The ease of babysitting other people’s children.

Paul, my close friend Tania’s husband, likens me to that old lady from Dr. Seuss’ “Cat in the Hat.” She comes to babysit the children but manages to fall asleep and worse still, stays in beddy bye land as the Cat reaches into his big bag of bad tricks and wreaks havoc on the house. This comparison is in reference to how Paul’s children – three lovelier girls you’ll never find, if you asked me – tear at each other over trifling things at his house, but play together peacefully at mine, even as I snooze for most of the afternoon.

“But other children don’t fight at my house either,” I tell him. For some reason, they all know better than to put me in the position of refereeing fights and arguments.

Amanda must have told them about my “putting outside the house policy.” As far as she’s concerned, all misdemeanours result in being kicked out of our apartment.

“Does she listen to you though?” once asked a friend, whose kid was coming over. “Does she think you’re serious about putting her outside?”

“Of course she knows I’m serious because I’ve done it before when she refused to listen to me.” Amanda screamed, cried and pounded and pounded on our front door. I let her in after two minutes to ask whether she was going to reoffend. She said no.

Other people’s children though, are usually so well behaved at my place that their parents scarcely believe it is their children whose flawless behaviour I am describing.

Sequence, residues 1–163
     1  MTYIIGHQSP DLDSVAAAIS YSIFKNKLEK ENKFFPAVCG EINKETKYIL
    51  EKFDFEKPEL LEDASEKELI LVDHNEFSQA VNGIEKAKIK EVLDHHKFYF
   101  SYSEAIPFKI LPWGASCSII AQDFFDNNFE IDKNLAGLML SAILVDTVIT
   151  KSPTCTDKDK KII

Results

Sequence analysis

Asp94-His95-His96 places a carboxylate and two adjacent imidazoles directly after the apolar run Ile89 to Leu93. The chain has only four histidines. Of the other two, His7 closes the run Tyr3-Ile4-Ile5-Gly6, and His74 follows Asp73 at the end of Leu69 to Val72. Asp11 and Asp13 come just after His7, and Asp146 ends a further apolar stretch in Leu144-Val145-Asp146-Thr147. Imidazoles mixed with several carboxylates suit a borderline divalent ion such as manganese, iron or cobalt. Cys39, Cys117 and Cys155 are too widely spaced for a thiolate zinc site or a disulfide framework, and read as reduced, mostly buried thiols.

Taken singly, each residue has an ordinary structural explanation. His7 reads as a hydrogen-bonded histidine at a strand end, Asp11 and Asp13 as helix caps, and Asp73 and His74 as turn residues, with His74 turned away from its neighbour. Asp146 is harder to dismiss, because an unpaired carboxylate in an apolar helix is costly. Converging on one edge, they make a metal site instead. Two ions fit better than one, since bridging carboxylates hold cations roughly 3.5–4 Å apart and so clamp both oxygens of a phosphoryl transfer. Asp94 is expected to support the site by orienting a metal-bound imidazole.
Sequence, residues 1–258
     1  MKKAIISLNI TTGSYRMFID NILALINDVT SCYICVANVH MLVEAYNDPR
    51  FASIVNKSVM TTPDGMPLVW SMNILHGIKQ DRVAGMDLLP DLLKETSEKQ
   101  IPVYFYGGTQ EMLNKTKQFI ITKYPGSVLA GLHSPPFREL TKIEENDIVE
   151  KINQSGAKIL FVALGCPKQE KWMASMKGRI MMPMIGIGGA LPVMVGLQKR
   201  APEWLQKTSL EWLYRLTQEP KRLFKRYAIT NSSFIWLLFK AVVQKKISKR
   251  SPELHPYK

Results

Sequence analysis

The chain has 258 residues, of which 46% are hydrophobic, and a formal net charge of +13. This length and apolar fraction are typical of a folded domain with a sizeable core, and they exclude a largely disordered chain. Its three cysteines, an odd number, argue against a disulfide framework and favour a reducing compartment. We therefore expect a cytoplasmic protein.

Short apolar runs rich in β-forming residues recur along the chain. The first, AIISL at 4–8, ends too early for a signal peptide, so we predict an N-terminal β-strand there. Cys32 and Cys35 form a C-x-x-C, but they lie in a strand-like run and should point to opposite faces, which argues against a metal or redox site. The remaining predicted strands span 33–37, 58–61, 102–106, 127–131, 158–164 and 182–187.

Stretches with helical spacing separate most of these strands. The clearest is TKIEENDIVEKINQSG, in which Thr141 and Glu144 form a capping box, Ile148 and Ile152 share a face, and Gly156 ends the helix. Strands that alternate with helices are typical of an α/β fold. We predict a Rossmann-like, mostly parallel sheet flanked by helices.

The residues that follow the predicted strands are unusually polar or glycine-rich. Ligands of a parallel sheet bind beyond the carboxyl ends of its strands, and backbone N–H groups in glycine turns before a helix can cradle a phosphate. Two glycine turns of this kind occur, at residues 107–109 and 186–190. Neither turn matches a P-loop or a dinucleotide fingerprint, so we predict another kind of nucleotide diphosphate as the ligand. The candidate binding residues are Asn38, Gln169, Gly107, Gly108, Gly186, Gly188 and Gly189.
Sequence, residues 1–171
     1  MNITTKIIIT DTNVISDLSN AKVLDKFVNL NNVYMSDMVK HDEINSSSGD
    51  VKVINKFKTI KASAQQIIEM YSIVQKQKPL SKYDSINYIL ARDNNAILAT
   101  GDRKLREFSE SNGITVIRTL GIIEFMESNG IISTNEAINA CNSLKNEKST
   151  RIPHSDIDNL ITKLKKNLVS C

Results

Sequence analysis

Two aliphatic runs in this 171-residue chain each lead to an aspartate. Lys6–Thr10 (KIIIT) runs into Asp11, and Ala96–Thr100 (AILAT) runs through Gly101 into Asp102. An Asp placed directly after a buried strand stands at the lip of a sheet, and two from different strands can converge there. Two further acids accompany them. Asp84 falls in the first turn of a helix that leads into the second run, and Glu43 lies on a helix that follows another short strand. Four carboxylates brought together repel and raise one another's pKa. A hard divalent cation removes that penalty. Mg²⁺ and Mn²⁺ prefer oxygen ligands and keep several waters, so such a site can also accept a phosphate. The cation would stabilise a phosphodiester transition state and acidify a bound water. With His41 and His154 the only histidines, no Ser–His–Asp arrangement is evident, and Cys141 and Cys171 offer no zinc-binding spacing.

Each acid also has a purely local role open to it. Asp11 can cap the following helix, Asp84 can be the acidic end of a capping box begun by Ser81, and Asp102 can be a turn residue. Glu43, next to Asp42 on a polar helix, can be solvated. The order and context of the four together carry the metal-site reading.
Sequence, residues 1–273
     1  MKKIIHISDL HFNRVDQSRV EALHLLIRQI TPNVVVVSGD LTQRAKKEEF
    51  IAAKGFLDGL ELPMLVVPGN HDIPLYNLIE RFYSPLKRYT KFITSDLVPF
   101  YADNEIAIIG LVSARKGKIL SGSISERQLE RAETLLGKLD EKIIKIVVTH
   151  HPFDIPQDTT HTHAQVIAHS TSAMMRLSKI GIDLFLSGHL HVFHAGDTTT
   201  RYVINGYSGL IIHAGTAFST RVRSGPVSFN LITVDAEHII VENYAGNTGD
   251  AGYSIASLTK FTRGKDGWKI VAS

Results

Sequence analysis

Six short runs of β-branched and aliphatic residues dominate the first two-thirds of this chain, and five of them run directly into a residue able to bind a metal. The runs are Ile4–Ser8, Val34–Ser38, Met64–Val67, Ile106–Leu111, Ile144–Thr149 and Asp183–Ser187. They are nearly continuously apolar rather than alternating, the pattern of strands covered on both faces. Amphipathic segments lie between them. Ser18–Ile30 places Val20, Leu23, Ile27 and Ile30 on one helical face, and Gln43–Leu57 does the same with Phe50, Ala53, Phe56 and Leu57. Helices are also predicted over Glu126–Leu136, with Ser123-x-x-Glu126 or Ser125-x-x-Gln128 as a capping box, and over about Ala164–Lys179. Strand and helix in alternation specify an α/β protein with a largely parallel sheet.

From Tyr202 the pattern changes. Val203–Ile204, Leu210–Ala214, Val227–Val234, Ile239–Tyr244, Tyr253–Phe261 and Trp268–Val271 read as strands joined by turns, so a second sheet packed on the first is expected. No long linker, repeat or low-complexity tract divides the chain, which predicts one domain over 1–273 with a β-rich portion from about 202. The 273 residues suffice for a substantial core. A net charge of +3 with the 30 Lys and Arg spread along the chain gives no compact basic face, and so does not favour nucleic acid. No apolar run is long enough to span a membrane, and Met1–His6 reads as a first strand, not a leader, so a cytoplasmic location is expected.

“But didn’t she cry when she woke up?” asked Melissa, Amanda’s best friend’s mother of her youngest, whom I’ve had on many occasions.

“Nope,” I tell Melissa, who looks at me in amazement. ” I guess she took one look at me and decided not to cry.”

When we first became friends, Melissa complained of her youngest sounding absolutely authoritarian and demanding like me. I have this trademark grunt that sounds like a snort that has deterred no children, least of all Amanda, from patting my head like a house pet. “Good mama cat,” she likes to say, before inviting her friends all have a go at patting my head.

More surprisingly still is that children want me to babysit them. I don’t get paid for this but their parents and I have a reciprocal arrangement that allows us adults to have some time to ourselves. Puzzlingly, among all the people their parents know, they feel happiest left with me. This reason to this, I’ve still yet to figure out.

 

 

 

 

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